As files become more digital, it's important to keep files accessible to people with disabilities.
With more and more files online and in computers, it's important to keep documents accessible to people with disability.
Now at Office here we have several tools that can help you with this.
This video will go over three.
One is alt text for images and graphs.
Second is headings and paragraph styles to make your document more readable.
And finally we’ll look at the Accessibility Checker.
That’s a new tool for Office 2010, although these other things I’m going to talk about, you can find that in earlier versions of Office and the Office Web Apps that you’ll use with Office 365.
Alt text or "alternative text" -- you know that from the internet, if you mouse over an image or something, you might see a little description pop up.
That’s alt text.
You can use that same technology in your documentation.
Now that’s important because people have screen readers.
That’s software that reads the document.
If there’s no information about the image, they’re not going to get any.
So alt text can add a brief description of what that image is, or maybe a succinct sentence or two for a pie chart or a graph.
For my demo I’m using Word 2010, though you’ll find this in earlier versions of Office,
and the Word Web Apps that you’ll use with Office 365.
To add alt text to a picture, shape, chart, or a SmartArt graphic, right-click it, click Format Object, and then click the Alt Text pane.
In the description box, enter an explanation of the object.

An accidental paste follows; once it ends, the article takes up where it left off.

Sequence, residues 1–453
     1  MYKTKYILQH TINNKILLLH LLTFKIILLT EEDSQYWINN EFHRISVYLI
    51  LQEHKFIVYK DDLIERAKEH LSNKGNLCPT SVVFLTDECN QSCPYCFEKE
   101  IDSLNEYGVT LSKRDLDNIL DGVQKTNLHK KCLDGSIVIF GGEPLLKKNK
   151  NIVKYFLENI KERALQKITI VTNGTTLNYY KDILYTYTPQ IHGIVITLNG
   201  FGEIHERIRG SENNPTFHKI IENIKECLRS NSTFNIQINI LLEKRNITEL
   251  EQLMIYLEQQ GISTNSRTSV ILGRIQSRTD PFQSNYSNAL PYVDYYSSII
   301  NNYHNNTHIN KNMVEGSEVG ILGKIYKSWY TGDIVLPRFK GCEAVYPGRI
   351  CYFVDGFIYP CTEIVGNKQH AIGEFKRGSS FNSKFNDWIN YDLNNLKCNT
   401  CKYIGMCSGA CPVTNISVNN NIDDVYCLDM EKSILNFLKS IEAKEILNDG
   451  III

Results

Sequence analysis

This box should always be filled in.
Note that when you have a complex content to describe, including a title it useful so people can determine if they need to read the full description.
Headings and paragraph styles make it easier for all readers to understand your document better.
For example, here’s a document without styles, and the same document with styles.
Now you’ll be able to skim this document to get an outline of it very easily, and that’s important for people who have low vision or use screen readers, is they can get that same outline using these styles.
Also these elements can be converted if you save your document as a PDF or an Open XML.
Heading and paragraph styles are found on the Home tab in the Styles group.
If you don’t see the style that you want, click More to expand the gallery.
To apply a heading style, start by selecting the text you want to change.
Click the heading style that you want.
You can see how your text will look with a particular style by placing your pointer over the style that you want to preview.
This feature works the same way in the Word Web App.
Create space between paragraphs using paragraph styles rather than empty lines, so people using screen readers aren’t misled into thinking that they’ve reached the end of your document.
On the Home tab, in the Styles group, click Change Styles.
Point to paragraph styles.
Live preview will show you how the line and paragraph spacing changes from one set to the next.
Similar to a spell checker, the new Accessibility checker in Office 2010 will scan your documents and alert you to any potential accessibility problems.
It will also offer suggestions of how to fix them.
Click the File tab to open the Backstage view and then click Info.
Note that under Prepare for Sharing, an alert will appear if there are any potential accessibility issues.
Click Check for Issues, and then click Check Accessibility.
You’ll be returned to your file and the Accessibility Checker task pane will show you the inspection results.
Whenever the Accessibility Checker finds an issue, the task pane shows information about why that content might be inaccessible.
Selecting the issue then shows instructions on how to repair or revise it.
Now when you save your file to a format that’s easy to share or publish, such as PDF or Open XML,
All the things you did to make it more accessible will be included.
For more information and in-depth training on creating accessible documents, you can go to office.com/support and click "Accessibility".